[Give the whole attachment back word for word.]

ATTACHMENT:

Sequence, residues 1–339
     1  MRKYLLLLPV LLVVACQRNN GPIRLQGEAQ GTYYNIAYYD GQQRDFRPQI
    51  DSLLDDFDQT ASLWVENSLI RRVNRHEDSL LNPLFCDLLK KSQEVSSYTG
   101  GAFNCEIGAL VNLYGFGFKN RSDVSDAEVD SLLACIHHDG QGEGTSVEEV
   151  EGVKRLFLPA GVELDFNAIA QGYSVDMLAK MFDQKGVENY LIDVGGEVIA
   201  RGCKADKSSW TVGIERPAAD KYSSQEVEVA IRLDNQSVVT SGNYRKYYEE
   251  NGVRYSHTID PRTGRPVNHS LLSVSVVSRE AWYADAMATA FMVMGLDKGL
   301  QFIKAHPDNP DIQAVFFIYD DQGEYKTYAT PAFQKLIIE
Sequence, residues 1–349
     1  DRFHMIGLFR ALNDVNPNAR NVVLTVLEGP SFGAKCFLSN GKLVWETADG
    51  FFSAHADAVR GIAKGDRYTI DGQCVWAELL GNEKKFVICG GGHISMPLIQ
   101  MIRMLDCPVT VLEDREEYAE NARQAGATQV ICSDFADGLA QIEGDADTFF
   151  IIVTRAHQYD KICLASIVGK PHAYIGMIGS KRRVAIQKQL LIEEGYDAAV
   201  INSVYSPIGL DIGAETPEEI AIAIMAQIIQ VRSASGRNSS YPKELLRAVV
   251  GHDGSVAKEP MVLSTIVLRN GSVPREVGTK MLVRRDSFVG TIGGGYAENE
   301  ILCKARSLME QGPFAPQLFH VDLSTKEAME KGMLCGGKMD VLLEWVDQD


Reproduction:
Sequence, residues 1–339
     1  MRKYLLLLPV LLVVACQRNN GPIRLQGEAQ GTYYNIAYYD GQQRDFRPQI
    51  DSLLDDFDQT ASLWVENSLI RRVNRHEDSL LNPLFCDLLK KSQEVSSYTG
   101  GAFNCEIGAL VNLYGFGFKN RSDVSDAEVD SLLACIHHDG QGEGTSVEEV
   151  EGVKRLFLPA GVELDFNAIA QGYSVDMLAK MFDQKGVENY LIDVGGEVIA
   201  RGCKADKSSW TVGIERPAAD KYSSQEVEVA IRLDNQSVVT SGNYRKYYEE
   251  NGVRYSHTID PRTGRPVNHS LLSVSVVSRE AWYADAMATA FMVMGLDKGL
   301  QFIKAHPDNP DIQAVFFIYD DQGEYKTYAT PAFQKLIIE
Sequence, residues 1–349
     1  DRFHMIGLFR ALNDVNPNAR NVVLTVLEGP SFGAKCFLSN GKLVWETADG
    51  FFSAHADAVR GIAKGDRYTI DGQCVWAELL GNEKKFVICG GGHISMPLIQ
   101  MIRMLDCPVT VLEDREEYAE NARQAGATQV ICSDFADGLA QIEGDADTFF
   151  IIVTRAHQYD KICLASIVGK PHAYIGMIGS KRRVAIQKQL LIEEGYDAAV
   201  INSVYSPIGL DIGAETPEEI AIAIMAQIIQ VRSASGRNSS YPKELLRAVV
   251  GHDGSVAKEP MVLSTIVLRN GSVPREVGTK MLVRRDSFVG TIGGGYAENE
   301  ILCKARSLME QGPFAPQLFH VDLSTKEAME KGMLCGGKMD VLLEWVDQD